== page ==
On the 6th of July Richard was crowned at Westminster, and immediately afterwards made a royal progress through the Midlands, on which he was well received. But in spite of its apparent success the usurpation was not popular. Richard's position could not be secure whilst his nephews lived. There seems to be no reasonable doubt that early in August Edward V. and his brother Richard (whom Elizabeth Woodville had been forced to surrender) were murdered by their uncle's orders in the Tower. Attempts have been made to clear Richard's memory. But the report of the princes' death was believed in England at the time, "for which cause king Richard lost the hearts of the people" (Chronicles of London, 191), and it was referred to as a definite fact before the French states-general in January 1484. The general, if vague, dissatisfaction found its expression in Buckingham's rebellion. Richard, however, was fortunate, and the movement collapsed. He met his only parliament in January 1484 with some show of triumph, and deserves credit for the wise intent of its legislation. He could not, however, stay the undercurrent of disaffection, and his ministers, Lovell and Catesby, were unpopular. His position was weakened by the death of his only legitimate son in April 1484. His queen died also a year later (March 16, 1485), and public opinion was scandalized by the rumour that Richard intended to marry his own niece, Elizabeth of York. Thus the feeling in favour of his rival Henry Tudor strengthened. Henry landed at Milford Haven on the 7th of August 1485, and it was with dark forebodings that Richard met him at Bosworth on the 22nd. The defection of the Stanleys decided the day. Richard was killed fighting, courageous at all events. After the battle his body was carried to Leicester, trussed across a horse's back, and buried without honour in the church of the Greyfriars.
Richard was not the villain that his enemies depicted. He had good qualities, both as a man and a ruler, and showed a sound judgment of political needs. Still it is impossible to acquit him of the crime, the popular belief in which was the chief cause of his ruin. He was not a monster; but a typical man in an age of strange contradictions of character, of culture combined with cruelty, and of an emotional temper that was capable of high ends, though unscrupulous of means. Tradition represents Richard as deformed. It seems clear that he had some physical defect, though not so great as has been alleged. John Stow told Buck that old men who remembered Richard described him as in bodily form comely enough. Extant portraits show an intellectual face characteristic of the early Renaissance, but do not indicate any deformity.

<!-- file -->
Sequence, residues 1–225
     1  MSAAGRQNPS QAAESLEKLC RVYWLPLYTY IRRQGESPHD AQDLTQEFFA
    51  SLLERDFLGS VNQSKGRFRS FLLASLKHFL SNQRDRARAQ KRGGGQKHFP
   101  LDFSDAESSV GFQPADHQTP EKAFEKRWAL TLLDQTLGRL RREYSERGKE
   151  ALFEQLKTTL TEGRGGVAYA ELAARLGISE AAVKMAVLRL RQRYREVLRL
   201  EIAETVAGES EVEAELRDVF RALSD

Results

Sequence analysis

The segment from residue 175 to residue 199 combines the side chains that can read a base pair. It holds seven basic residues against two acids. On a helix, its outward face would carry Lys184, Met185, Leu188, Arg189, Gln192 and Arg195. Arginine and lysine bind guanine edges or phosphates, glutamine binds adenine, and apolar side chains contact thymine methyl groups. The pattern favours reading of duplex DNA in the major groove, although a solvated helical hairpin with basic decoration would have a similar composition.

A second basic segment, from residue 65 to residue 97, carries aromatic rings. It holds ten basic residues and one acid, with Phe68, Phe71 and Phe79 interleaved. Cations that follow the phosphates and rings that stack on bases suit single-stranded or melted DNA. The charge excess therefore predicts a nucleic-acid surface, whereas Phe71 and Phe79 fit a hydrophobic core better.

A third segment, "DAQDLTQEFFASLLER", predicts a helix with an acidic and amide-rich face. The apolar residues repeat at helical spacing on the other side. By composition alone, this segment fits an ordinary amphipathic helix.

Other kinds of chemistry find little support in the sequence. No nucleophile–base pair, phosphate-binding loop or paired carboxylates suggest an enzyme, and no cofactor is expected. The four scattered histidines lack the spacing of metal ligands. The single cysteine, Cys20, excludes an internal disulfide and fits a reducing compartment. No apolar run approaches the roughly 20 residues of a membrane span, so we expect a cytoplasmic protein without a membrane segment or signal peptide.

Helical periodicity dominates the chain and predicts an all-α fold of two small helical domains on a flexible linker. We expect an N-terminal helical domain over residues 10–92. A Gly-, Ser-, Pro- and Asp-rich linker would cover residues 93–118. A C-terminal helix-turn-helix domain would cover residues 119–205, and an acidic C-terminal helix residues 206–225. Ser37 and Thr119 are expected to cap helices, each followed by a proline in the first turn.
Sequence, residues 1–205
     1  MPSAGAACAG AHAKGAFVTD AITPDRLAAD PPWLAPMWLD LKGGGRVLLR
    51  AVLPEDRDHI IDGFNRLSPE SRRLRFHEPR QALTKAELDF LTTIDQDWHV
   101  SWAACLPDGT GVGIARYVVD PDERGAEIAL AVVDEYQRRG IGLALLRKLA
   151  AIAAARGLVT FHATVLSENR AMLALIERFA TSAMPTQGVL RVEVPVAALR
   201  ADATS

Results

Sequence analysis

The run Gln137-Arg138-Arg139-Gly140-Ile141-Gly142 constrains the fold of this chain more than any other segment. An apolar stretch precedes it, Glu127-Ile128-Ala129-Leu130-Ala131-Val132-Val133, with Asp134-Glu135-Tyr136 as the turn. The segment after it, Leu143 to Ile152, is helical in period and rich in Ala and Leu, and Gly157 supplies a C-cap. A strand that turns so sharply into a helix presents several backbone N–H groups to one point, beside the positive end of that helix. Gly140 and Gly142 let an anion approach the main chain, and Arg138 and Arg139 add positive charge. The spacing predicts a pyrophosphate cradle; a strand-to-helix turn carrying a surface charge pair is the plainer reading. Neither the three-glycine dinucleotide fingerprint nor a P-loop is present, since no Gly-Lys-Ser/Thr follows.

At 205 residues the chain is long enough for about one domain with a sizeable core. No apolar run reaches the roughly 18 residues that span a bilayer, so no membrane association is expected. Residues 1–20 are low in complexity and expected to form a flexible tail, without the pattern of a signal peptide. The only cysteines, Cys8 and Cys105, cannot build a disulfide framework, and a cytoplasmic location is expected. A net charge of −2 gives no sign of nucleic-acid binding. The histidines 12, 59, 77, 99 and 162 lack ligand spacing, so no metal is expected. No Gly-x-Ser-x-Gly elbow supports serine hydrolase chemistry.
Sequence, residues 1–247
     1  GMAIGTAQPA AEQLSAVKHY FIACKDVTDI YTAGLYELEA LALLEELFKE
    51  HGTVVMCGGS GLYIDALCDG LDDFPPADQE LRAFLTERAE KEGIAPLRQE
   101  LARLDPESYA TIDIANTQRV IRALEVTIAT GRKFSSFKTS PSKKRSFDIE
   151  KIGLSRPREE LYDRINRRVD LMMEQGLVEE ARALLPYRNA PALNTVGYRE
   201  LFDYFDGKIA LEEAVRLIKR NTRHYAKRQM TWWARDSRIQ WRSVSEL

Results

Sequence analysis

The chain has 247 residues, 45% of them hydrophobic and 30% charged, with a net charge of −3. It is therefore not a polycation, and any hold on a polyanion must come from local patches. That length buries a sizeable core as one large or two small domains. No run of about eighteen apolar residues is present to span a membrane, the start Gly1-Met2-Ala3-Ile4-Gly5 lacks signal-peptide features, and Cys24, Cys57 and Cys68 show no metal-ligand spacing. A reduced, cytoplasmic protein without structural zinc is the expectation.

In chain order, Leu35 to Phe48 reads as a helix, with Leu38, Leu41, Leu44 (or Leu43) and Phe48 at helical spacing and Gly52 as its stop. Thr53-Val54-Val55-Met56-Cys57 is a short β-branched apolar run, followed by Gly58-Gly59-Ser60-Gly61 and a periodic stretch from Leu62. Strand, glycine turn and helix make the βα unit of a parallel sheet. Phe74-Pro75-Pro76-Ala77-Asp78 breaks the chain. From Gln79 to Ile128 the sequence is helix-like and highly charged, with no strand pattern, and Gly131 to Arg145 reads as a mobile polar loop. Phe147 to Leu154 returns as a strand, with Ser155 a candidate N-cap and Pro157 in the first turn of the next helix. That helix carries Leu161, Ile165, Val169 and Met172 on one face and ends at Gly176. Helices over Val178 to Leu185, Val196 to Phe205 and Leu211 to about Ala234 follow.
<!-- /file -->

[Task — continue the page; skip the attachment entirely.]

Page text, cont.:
BIBLIOGRAPHY. - The chief original authorities are Sir Thomas More's History of Richard III., based on information supplied by Archbishop Morton, and therefore to be accepted with caution; the more trustworthy Continuation of the Croyland Chronicle in Fulman's Scriptores, the History of Polydore Vergil, written in a Tudor spirit; the Chronicle of London (ed. C. L. Kingsford, 1905), and its biased expansion in Fabyan's Chronicle. See also Letters and Papers Illustrative of the Reigns of Richard III. and Henry VII., ed. J. Gairdner, in Rolls Series. Of later accounts those in Stow's Annales (preserving some oral tradition) and George Buck's Richard III. ap. Kennet History of England deserve mention. Horace Walpole attempted a vindication in his Historic Doubts (1768). The best modern account is James Gairdner's Life of Richard III. (2nd ed., 1898). The latest and fullest defence is given in Sir Clements Markham's Richard III., His Life and Character (1906); G. B. Churchill's Richard the Third up to Shakespeare (Palaestra x., 1900) is a valuable digest of material. (C. L. K.)